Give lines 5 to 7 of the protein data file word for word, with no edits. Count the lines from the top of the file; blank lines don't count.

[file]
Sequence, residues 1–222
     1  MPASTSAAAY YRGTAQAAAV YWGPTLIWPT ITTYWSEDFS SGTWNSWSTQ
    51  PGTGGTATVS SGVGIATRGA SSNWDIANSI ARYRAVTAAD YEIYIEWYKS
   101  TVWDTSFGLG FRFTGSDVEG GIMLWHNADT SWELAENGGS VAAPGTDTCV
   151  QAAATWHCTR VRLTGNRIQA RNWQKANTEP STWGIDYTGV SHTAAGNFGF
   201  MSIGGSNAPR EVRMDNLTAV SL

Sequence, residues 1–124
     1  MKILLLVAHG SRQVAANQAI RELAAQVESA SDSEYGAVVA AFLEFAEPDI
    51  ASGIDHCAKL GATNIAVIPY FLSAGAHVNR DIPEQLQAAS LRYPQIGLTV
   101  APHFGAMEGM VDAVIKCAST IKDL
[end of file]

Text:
   151  QAAATWHCTR VRLTGNRIQA RNWQKANTEP STWGIDYTGV SHTAAGNFGF
   201  MSIGGSNAPR EVRMDNLTAV SL

Sequence, residues 1–124